Saturday, July 23, 2011


With my latest book published and no job in sight, I find myself with time on my hands. And just what does Ms. Kamp do when she has time? Research past lives, of course!

Having recently spent so much time in Canada, I've been thinking about my Indian past life a lot lately. I remember very little about it at this point, having only had two memories, one of which I forgot to write down (let that serve as a lesson to ALWAYS record any information you recall). Here's the memory which did get written down:

September 20th, 1993
....Indians in British Columbia. Huddled in a make-shift house, my legs bare. The girl I wanted, with a mostly beautiful Indian face. The water’s edge, at high tide, lapping a few feet below the top of the near-vertical rock face with the trees almost overhanging into the water. My canoe, carved and painted at the bow, primarily in black, white and bluish-green. Going out with the whales, others with me in other canoes, the whale charging and easily overturning my boat, the whale’s white under-face turned green by the water and the teeth coming at me, silently—this was very ordinary, as if it couldn’t possibly be happening, and yet also I felt urgency, some sort of panic at the back of my thoughts. These animals were revered by me—I loved them as sacred, even though I was going to kill one, I meant it no harm. I realized, watching this, feeling this, over and over in a vague replay, that we, the Indians, were hunting the whales and they were defending themselves. I don’t know if I died—it seemed like I did. I couldn’t get the image of that green and black face coming at me out of my mind.

So, with all this free time, I did some searching for which First Nations Groups hunted whales, specifically killer whales. It seems the Nootka, or Nuu-chah-nulth, were the only real whale that narrows down my location to the western side of Vancouver Island (excluding the Makah on the Olympic Peninsula because the landscape doesn't look right). I've read that only the chief was allowed to strike the killing harpoon blow, that only the chief's family was allowed to hunt whales, so this suggests that, if my memory is correct and we were actually hunting, then I would have been a member of the chief's family. In the memory I failed to write down, my father in this life was a little, old, gray-haired Indian man in that lifetime, very chief-like, although this could just be a confusion with one of the characters in Daniel Day-Lewis' Last of the Mohicans. Also, from what I know about killer whale behavior, they seldom attack or molest boats or kayaks unless harassed, so odds would be good we were actually hunting in this memory.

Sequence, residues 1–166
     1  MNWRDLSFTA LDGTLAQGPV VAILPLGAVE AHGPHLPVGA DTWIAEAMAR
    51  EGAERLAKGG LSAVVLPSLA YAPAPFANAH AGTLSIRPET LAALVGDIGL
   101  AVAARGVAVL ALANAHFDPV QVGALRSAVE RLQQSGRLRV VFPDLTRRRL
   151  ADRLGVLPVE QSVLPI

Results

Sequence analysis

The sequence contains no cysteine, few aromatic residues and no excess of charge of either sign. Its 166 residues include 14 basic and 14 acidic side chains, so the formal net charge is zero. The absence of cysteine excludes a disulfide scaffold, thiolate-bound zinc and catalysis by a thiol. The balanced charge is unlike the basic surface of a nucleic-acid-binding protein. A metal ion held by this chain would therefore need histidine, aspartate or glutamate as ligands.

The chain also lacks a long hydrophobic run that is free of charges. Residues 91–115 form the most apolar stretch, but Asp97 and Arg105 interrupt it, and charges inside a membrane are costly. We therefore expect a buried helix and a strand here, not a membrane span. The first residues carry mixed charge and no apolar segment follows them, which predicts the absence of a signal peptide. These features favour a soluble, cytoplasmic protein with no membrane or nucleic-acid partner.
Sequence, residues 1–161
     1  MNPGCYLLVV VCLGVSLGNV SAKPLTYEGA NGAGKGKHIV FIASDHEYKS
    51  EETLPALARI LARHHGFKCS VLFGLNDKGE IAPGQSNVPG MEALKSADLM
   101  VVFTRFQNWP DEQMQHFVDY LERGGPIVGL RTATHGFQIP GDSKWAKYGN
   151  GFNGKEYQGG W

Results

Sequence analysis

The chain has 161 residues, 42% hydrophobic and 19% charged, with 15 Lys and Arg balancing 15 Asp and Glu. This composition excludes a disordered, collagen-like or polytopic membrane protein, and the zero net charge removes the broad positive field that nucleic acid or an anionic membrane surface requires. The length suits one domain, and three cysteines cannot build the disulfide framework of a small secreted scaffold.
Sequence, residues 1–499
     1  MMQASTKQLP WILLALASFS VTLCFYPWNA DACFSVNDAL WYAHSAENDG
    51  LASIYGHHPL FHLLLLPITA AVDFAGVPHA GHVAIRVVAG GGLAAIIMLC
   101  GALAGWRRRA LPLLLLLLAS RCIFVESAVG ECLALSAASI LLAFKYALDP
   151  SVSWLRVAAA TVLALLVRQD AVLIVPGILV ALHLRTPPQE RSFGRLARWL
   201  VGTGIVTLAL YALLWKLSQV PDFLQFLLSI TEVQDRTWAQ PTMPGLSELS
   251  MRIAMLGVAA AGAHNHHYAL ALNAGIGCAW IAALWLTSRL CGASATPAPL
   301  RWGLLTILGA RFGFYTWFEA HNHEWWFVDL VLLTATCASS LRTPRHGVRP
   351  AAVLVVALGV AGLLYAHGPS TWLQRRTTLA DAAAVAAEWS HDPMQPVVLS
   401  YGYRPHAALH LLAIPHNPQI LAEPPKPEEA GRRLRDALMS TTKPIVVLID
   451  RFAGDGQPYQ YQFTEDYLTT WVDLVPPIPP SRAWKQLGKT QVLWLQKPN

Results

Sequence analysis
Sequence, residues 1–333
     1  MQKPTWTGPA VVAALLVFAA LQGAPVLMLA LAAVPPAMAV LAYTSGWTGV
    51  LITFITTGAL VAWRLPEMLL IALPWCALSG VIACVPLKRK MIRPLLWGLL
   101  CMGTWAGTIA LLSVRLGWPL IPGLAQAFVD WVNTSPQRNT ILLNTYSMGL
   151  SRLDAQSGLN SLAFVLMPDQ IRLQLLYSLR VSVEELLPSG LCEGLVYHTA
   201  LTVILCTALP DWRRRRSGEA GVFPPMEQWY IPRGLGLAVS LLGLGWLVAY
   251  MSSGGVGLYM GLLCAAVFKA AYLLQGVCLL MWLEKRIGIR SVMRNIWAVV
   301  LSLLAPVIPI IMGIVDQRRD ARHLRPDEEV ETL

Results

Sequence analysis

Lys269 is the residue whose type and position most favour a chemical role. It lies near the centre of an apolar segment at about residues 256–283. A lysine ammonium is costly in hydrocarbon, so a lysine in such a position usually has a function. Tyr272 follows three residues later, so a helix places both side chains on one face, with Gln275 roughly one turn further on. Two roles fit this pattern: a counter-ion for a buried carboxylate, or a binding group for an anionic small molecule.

While I was in Canada, I had a chance to see an iron "slave killer" knife in a local museum there. I had written about just such a knife in my first book, The Last Killiney, and it was surprising to find out how accurate my description was, and how much resonance I experienced upon seeing this artifact. Since iron was more plentiful amongst the First Nations Groups after contact with the fur traders -- and the Nootka were among the first to make contact -- it seems likely my memories date from after Mary Carter's lifetime, e.g. after 1830.

I will need to conduct some past-life self-regressions to learn more, but right now this is where I stand in my research. All very interesting. Now I'm thinking about getting in my truck and driving up there, maybe visiting some of the places one can actually drive to, Tahsis and Gold River. *adds to To-Do List*

No comments:

Post a Comment